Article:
The European hornet Vespa crabro, commonly known simply as the "hornet", is the largest European eusocial wasp. The queen measures 25 to 50 mm (1–1.4 in) long; males and workers are smaller. In males, as in most members of the Aculeata, the antennae have 13 segments, while in females there are only 12; also as in other aculeates, the male abdomen has seven visible segments, while the female has six; females possess an ovipositor modified into a sting which is not barbed. See wasp and bee characteristics to help identify similar insects.

This species is not particularly aggressive except when defending the nest, and care must be taken when in its proximity, as the stings are quite painful. As with most stinging insects, European hornets will sting in self-defense when grabbed or stepped on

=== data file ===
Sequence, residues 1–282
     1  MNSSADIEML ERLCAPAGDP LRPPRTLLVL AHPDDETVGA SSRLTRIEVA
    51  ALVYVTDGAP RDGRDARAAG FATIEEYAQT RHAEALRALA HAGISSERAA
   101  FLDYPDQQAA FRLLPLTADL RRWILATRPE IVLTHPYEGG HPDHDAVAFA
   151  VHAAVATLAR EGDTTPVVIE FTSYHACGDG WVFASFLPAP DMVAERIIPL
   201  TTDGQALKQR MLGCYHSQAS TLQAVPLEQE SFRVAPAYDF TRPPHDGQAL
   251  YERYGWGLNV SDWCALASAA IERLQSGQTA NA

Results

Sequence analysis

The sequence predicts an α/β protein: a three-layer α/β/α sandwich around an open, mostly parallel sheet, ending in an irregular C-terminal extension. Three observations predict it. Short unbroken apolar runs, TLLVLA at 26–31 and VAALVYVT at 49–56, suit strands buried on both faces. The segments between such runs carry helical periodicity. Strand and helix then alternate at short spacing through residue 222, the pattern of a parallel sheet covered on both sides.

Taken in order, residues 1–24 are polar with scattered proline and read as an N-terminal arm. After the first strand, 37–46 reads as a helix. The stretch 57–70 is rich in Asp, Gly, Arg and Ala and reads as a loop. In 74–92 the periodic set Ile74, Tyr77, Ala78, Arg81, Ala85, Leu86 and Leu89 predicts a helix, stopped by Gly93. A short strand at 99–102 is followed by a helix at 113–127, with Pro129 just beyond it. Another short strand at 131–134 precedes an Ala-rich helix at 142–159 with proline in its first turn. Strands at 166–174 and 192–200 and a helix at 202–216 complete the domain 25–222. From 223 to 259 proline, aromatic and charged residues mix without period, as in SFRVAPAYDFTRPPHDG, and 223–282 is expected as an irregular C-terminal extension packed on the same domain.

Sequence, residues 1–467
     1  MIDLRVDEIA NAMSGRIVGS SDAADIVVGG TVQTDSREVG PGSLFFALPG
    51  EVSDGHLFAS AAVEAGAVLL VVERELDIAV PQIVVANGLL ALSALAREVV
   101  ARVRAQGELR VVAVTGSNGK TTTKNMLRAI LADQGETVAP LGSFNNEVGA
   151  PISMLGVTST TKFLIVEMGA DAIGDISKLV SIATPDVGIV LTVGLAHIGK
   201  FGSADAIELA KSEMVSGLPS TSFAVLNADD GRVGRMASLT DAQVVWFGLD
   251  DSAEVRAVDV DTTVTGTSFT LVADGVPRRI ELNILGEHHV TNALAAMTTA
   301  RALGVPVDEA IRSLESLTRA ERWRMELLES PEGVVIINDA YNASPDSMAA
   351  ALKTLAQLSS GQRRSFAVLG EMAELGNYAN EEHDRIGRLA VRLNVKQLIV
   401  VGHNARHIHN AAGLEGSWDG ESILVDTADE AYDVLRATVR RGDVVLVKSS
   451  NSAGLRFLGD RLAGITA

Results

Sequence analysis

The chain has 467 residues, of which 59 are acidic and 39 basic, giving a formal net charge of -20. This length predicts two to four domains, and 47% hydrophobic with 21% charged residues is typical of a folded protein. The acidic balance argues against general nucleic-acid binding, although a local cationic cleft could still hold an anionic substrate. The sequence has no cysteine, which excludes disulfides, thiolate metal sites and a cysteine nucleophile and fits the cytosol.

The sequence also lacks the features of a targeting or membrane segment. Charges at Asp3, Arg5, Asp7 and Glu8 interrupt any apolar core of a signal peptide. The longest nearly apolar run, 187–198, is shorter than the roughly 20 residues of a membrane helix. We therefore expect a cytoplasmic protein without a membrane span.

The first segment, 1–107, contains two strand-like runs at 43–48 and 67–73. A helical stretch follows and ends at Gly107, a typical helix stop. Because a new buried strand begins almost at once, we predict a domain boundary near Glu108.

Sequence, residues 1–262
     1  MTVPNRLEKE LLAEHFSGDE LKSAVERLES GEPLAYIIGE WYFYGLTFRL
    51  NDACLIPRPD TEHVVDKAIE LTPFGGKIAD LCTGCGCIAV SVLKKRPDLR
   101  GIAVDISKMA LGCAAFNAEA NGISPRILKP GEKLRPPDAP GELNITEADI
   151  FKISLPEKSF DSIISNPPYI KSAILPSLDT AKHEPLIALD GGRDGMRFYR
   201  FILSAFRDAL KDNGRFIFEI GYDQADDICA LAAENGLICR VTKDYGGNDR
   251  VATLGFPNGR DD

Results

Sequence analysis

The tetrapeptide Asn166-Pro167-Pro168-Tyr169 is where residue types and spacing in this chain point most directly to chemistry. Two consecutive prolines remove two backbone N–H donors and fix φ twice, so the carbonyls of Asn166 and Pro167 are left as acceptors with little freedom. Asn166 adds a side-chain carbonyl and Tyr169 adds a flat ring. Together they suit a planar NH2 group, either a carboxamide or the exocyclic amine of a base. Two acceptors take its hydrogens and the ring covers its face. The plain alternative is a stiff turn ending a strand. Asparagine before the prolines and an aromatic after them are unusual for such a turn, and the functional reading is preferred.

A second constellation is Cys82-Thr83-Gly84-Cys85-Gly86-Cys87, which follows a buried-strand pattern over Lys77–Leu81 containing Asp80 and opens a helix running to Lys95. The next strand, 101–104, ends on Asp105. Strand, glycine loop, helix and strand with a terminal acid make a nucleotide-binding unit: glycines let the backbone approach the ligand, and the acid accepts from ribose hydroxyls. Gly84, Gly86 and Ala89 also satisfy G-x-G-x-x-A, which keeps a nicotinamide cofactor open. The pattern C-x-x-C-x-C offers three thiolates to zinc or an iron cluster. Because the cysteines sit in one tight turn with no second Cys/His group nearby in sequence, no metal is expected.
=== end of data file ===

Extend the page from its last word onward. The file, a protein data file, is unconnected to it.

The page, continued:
Eyes are deeply indented, shaped like a C. Wings are reddish-orange, the petiolate abdomen is brown striped with yellow. The European hornet is larger than common wasp, but smaller than some Asian hornet species. It has hair on the thorax and abdomen, although the European hornet is not as hairy as most bees.

European hornets often have the rove beetle Velleius dilatatus living in their colonies.

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Diet:
Carnivore/Herbivore
Avg Life Span:
Queen- up to 12 month / Workers- 10 to 22 days
Size:
1.9 to 2.5 cm (3/4 to 1 in)
Weight:
1 gram